Thus, for plaintiff to have shown that it was experiencing food shortages was not enough in this hearing. Plaintiff's burden was to show that it was getting less than its fair share of the supplies that were available because of a conspiracy among the named defendants and others to injure the Co-op's business. This Court finds that plaintiff has not met that burden, and grants the defendants' application to dismiss the plaintiff's motion at the end of plaintiff's direct case. Plaintiff's motion for further injunctive relief is therefore denied, for reasons discussed in detail below.


 The Co-op opened its doors in June of 1968. Its stated purpose was to provide the residents of Harlem, one of New York City's major black communities, with quality food at low cost. Toward that end, according to the Co-op's president, approximately 4,300 consumer shareholders have invested about $327,000 in the venture. The Co-op is about the size of an average high volume supermarket, the indices being its 10,000 square feet of space; its normal stock of about 8,000 food and household items; and its original projected gross weekly income of $38,000.

 The controversy which first brought the Co-op to this court was manifested in a strike of its retail clerks called by the Retail Wholesale & Chain Store Food Employees Union, Local 338 (Local 338) which began in April of 1969 and effectively reduced the Co-op's ability to obtain supplies from food manufacturers and distributors. Its weekly gross dropped to $18,000; the number of items on its shelves dropped to about 2,000. After enduring a violent picket line for more than a year, the Co-op commenced this action, charging violations of Sections 1 and 2 of the Sherman Antitrust Act, 15 U.S.C. §§ 1, 2; and Sections 2, 3 and 4 of the Clayton Act, 15 U.S.C. §§ 13, 14, 15.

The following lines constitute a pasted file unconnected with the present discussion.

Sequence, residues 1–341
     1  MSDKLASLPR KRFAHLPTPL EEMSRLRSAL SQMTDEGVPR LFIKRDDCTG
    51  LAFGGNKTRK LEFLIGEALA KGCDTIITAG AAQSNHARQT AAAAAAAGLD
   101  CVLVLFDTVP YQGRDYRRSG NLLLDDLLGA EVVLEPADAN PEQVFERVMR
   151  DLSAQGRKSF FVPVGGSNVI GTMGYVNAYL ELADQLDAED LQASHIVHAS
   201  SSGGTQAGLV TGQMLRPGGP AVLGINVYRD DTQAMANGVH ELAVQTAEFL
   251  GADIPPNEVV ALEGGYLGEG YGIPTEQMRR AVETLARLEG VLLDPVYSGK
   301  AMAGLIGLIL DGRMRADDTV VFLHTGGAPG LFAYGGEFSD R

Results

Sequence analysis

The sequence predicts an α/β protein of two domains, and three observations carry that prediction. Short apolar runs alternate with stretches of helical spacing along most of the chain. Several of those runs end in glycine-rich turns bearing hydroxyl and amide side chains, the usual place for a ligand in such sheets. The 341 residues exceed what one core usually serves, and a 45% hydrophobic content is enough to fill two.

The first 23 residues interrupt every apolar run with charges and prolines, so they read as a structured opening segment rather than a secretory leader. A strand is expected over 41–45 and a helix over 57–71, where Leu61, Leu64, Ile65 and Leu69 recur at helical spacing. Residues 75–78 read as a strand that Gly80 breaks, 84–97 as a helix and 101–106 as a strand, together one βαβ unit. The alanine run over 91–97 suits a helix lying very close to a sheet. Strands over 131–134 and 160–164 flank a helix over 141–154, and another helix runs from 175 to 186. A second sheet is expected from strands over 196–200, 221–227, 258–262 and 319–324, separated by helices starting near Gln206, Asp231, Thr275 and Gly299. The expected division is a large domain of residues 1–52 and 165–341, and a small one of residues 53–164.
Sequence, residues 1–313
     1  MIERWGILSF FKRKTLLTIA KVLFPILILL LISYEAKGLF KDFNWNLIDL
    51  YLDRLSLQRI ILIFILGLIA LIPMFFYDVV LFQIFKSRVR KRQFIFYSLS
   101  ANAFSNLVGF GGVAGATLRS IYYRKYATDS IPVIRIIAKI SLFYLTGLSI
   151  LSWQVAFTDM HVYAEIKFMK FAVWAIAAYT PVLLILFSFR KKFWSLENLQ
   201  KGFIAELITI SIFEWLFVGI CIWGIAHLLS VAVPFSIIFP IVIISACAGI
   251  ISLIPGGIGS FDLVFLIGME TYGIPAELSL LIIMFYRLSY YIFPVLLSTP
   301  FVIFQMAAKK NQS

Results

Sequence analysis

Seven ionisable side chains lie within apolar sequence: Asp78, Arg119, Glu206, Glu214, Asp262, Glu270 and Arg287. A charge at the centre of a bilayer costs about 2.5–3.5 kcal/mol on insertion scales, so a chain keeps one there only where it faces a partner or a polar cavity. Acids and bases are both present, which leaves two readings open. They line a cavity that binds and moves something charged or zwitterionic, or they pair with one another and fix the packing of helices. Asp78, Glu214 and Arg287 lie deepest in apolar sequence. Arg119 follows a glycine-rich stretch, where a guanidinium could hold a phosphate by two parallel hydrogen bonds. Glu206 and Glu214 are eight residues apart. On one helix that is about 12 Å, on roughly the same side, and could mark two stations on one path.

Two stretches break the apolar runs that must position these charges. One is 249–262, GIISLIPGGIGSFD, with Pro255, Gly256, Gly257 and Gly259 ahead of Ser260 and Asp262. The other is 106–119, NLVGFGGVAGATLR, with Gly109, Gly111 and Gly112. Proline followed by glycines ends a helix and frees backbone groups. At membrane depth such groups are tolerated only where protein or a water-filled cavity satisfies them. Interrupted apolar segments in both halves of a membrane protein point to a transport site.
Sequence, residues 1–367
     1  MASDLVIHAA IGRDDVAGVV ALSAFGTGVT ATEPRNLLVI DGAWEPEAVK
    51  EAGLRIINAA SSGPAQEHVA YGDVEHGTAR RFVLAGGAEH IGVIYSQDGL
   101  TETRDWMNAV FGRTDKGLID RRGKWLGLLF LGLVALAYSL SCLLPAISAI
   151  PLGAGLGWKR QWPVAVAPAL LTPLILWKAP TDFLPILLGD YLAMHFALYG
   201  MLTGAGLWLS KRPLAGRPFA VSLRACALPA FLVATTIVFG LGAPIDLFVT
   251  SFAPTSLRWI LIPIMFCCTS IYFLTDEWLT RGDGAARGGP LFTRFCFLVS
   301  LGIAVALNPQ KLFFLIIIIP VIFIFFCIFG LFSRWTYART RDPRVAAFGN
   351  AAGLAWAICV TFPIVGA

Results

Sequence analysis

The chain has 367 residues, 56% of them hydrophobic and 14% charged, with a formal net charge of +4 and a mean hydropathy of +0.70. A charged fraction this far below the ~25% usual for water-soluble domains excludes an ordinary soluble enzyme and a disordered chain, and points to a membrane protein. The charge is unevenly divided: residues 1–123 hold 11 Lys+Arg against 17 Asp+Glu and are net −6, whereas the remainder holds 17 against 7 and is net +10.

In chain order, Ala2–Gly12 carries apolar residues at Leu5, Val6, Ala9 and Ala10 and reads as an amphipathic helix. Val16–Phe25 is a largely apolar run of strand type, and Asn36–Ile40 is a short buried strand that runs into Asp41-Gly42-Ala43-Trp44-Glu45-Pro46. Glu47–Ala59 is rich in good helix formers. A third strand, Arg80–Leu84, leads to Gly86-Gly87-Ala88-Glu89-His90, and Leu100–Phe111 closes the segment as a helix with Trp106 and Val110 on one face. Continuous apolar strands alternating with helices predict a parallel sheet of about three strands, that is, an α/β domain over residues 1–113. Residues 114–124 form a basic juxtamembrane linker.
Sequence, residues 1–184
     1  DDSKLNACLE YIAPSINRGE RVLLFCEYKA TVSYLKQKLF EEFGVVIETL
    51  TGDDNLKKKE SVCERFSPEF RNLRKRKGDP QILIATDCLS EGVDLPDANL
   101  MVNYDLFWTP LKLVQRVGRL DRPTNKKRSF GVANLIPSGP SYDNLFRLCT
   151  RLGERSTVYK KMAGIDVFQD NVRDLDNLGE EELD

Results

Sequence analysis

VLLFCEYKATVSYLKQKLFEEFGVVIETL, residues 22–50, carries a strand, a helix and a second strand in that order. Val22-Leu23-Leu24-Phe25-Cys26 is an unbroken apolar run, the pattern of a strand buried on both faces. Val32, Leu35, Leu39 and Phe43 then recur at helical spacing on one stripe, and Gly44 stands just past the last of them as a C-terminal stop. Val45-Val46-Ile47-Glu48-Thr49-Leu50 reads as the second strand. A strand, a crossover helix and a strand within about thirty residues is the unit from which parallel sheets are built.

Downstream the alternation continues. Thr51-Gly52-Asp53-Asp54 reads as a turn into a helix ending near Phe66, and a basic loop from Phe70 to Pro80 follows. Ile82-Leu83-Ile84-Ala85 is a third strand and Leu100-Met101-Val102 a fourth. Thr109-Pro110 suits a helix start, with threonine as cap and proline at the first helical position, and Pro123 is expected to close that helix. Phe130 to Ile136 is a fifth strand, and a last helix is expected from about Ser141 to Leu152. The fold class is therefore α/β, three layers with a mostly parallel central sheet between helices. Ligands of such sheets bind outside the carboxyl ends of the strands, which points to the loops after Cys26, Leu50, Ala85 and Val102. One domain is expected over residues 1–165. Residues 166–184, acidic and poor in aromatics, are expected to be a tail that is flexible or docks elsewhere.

The complaint named more than forty defendants, among them -- designated as "core" defendants -- were Local 338; Coordinated Community Services, Inc. (CCS), a food promotion company operating in Harlem; the Associated Grocers of Harlem (AGH), a trade association; and a number of individuals who were principals of one or more of these organizations. In addition, the complaint named some twenty-seven "manufacturers and suppliers" of food products and equipment, and some eight "competitors" doing business in the Harlem target area, as defined by the plaintiff.

 In October of 1970, plaintiff moved against the "core" defendants and the "manufacturer/suppliers" for preliminary injunctive relief. After a brief hearing, Judge Mansfield, then of this court, characterized the evidence as revealing

the dismal picture of labor union officials using their union's power to call a strike for the purpose of trying to coerce an employer into dealing with a private business concern owned in part by them and from which they individually derive substantial profit. *fn1"